Now while the lentils are cooking, add the chopped carrots, onion and olive oil to a frypan and cook, covered, until soft. Turn off the heat. Add the sesame oil, vinegar, soy sauce, mustard, stock powder, garlic and pepper. I do this in the same pan to save on dirty dishes. Now add the lentils and give it a good stir. Cover, and let them absorb all those delicious flavours, for about 15 minutes. Once the salad has cooled down, you can add the beetroot, coriander and feta.


Egging it on.

egg salad on toast

Now, living a life of a pseudo vegetarian can be… how shall I put it. A fucking nuisance? Not for me, no, no. I’m fine with being difficult. As in “Barbequed chicken? Where? Who? You! GIVE IT TO ME. I want some NOW.” The bit I feel most ashamed about is when I’m invited round for dinner and I have to check in with the cook beforehand, who’s lovingly prepared a 7 day roast for me, and tell him that I don’t really like “real” meat and that I’ll have sides, yes just sides, no don’t worry about me, I love peas. Meat is still very much a mood thing in the world of Watson. So when I’m alone, just me, myself and the kitchen, the menu will almost exclusively be rabbit food. Rabbits also have chocolate and crisps, they just don’t like to talk about it you know. Anyway. What I’m trying to get at is I do get protein cravings, as a normal human being should. And so I choose eggs. Fried, poached, but mainly scrambled, and ever since my last visit to Switzerland, in egg salad form.

The “incident” that got me hooked, was a small and rather insignificant one. But I have found that moments like these are ones that stay with you until you’re old and wrinkly, and those are the ones we like. And so I shall share it with you. Bern, the capital city of Switzerland, to refresh some memories out there, as small as it is, actually has its own airport. Belp airport. At the time of my visit, two of my closest friends were living Holland, so it was imperative that I go visit them – I had last seen them two years ago, on my last trip back home, and I will say this: two years is always too long. So back to Belp. My flight was at eleven o’clock, and I had arrived nice and early, as you would being Swiss, so I had plenty of time to kill. A book to read, a few mints to chew, but nothing to fill my empty tummy. I usually avoid buying food at airports, mainly because they are overpriced, but that day I felt like living dangerously. And besides, Swiss snacks are good. I opted for an egg salad roll at the kiosk, and once I had done paying I sat down at one of the silvery round tables and took a bite. It was perfect. So perfect. The crunchy crust of the fresh little bread roll, then its chewy interior, made complete with the creamy and slightly tangy, finely chopped egg salad. Pure quality.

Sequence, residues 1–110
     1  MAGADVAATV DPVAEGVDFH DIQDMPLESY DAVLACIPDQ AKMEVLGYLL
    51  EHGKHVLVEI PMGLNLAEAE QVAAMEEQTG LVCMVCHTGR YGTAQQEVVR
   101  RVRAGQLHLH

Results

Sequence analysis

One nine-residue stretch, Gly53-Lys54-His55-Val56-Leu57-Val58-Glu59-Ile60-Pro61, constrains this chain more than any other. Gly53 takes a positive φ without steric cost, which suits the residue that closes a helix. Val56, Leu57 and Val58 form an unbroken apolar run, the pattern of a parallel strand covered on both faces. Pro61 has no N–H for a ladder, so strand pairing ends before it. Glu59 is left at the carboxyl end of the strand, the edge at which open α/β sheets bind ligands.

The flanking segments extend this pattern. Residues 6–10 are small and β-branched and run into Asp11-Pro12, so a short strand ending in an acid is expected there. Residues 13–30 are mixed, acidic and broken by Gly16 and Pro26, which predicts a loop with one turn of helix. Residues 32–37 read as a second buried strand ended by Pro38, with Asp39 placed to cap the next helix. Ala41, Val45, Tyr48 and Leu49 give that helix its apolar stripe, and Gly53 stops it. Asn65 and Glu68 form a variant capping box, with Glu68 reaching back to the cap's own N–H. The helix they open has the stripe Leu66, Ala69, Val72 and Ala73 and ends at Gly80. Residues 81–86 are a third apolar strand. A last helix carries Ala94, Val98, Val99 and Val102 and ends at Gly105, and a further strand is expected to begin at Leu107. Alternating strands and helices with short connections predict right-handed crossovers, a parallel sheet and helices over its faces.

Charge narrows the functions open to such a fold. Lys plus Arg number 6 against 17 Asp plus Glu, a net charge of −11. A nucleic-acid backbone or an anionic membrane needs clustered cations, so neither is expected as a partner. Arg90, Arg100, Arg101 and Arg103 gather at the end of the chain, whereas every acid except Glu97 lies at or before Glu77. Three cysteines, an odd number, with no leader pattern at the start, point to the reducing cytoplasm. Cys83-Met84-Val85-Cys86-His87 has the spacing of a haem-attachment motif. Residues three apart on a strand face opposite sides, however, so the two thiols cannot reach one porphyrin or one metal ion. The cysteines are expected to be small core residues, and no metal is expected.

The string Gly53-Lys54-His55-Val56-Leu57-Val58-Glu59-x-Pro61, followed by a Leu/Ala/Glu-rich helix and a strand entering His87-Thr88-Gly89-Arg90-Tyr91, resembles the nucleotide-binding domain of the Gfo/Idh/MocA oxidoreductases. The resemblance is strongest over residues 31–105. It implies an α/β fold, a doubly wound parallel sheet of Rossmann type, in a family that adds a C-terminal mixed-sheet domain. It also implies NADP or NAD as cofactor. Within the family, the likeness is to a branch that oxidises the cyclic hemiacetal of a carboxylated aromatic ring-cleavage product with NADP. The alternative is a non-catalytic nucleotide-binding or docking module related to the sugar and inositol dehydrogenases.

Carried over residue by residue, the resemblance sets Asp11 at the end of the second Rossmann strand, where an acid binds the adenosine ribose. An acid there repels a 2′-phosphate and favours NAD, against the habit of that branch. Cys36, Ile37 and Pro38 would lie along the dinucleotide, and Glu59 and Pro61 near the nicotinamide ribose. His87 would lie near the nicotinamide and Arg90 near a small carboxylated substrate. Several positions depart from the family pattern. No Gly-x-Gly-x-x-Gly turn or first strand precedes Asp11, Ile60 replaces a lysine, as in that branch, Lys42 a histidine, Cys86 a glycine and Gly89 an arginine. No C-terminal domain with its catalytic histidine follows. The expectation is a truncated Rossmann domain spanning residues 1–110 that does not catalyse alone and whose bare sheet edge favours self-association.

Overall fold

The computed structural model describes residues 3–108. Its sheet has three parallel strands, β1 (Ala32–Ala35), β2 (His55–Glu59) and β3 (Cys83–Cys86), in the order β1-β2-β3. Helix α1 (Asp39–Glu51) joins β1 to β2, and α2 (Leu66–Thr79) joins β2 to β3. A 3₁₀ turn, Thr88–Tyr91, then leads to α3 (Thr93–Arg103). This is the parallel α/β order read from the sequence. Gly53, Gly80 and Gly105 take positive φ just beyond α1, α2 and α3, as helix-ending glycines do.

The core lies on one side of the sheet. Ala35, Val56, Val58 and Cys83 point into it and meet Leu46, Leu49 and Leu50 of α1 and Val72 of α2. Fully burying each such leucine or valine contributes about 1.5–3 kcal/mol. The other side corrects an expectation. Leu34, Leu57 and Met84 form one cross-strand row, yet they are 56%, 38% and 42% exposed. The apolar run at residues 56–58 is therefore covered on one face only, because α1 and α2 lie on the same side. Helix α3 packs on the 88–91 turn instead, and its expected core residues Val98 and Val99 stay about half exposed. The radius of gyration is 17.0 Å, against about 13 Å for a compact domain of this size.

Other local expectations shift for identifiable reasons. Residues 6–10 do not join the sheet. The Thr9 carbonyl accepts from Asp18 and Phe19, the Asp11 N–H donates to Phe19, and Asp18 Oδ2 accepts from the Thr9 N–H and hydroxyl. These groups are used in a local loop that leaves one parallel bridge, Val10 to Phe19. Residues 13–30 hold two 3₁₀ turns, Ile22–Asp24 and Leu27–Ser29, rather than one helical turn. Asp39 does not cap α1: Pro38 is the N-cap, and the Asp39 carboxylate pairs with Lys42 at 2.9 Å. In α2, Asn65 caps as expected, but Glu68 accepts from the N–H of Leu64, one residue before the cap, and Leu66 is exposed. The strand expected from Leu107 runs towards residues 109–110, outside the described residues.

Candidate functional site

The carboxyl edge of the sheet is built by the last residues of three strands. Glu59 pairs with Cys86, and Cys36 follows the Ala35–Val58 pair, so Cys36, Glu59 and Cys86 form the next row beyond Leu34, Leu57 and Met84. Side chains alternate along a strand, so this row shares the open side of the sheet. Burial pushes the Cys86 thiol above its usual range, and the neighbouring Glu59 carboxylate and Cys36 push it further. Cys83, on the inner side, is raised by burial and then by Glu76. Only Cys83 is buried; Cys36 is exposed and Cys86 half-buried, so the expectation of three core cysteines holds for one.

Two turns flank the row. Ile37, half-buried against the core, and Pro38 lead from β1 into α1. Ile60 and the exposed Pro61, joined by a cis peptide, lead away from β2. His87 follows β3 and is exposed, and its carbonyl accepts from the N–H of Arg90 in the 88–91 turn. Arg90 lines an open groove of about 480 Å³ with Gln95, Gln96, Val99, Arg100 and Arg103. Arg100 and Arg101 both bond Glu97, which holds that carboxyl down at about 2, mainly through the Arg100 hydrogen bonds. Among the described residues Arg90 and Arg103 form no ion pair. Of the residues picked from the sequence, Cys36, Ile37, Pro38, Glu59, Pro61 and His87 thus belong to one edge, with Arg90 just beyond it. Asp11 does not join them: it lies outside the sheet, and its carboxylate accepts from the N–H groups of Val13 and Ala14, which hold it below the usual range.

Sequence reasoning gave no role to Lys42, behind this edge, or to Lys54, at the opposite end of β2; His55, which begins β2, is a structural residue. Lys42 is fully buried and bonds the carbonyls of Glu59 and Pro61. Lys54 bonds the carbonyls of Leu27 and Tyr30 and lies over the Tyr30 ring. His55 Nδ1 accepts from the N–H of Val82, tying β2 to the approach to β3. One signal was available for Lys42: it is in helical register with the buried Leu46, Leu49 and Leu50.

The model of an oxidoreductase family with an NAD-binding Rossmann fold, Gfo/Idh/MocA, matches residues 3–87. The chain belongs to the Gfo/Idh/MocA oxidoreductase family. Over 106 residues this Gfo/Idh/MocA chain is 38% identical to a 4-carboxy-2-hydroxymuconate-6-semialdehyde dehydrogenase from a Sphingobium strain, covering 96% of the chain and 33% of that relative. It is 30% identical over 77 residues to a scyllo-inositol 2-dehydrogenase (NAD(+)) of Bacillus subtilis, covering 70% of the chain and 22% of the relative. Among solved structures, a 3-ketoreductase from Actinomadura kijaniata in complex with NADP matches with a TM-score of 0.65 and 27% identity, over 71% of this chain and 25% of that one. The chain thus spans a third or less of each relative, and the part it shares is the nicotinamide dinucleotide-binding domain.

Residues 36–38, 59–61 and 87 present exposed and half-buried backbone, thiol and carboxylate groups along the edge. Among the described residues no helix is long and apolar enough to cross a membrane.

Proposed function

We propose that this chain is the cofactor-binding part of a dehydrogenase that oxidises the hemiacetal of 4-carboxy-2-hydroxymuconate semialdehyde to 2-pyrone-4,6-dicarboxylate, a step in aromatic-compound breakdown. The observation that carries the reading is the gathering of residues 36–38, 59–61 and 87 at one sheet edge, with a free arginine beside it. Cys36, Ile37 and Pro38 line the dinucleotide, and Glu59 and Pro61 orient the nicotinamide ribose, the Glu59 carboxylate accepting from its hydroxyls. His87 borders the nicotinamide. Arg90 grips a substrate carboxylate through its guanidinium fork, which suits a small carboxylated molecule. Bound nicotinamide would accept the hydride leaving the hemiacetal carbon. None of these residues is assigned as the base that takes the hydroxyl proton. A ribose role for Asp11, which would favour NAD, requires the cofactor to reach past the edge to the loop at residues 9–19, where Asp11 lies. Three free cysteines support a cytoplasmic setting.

I know I will never find anything that lives up to a memory like that, but I can still try, and tried I have. And I’m pretty happy with the result. I have a saying that if there’s anything I really like, I can eat it by the spoonful. This is another one of those recipes. Add or subtract toast, as you feel is necessary (unless you’re in Switzerland, then you must use bread. Any bread. You lucky bastard).

Egg Salad

Serves 2 relatively greedy people

6 eggs

1 Tbsp sour cream

2 Tbsp good-quality mayonnaise

1 1/2 Tbsp seeded mustard

1 garlic clove, crushed

1 1/2 tsp vegetable stock powder

1 Tbsp parsley, finely chopped

1 Tbsp chives, finely chopped

lots of freshly ground black pepper

Fill up the kettle and let it boil. While it’s heating up, poke a little hole with a pin or a sharp pointy knife into the bottom of the eggs. This will ensure the air can escape when the egg cooks, preventing them from exploding. Place them in a small saucepan and cover with the just boiled water. Put on the heat and let them boil for 10 minutes. Remove from the heat, pour off the water and cover with cold water. Let sit until cool enough to handle. Peel those babies.

In a bowl, combine the rest of the ingredients. Chop the eggs as finely as you can or can be bothered to, and add to the mixture. Adjust the seasoning if need be. Delish.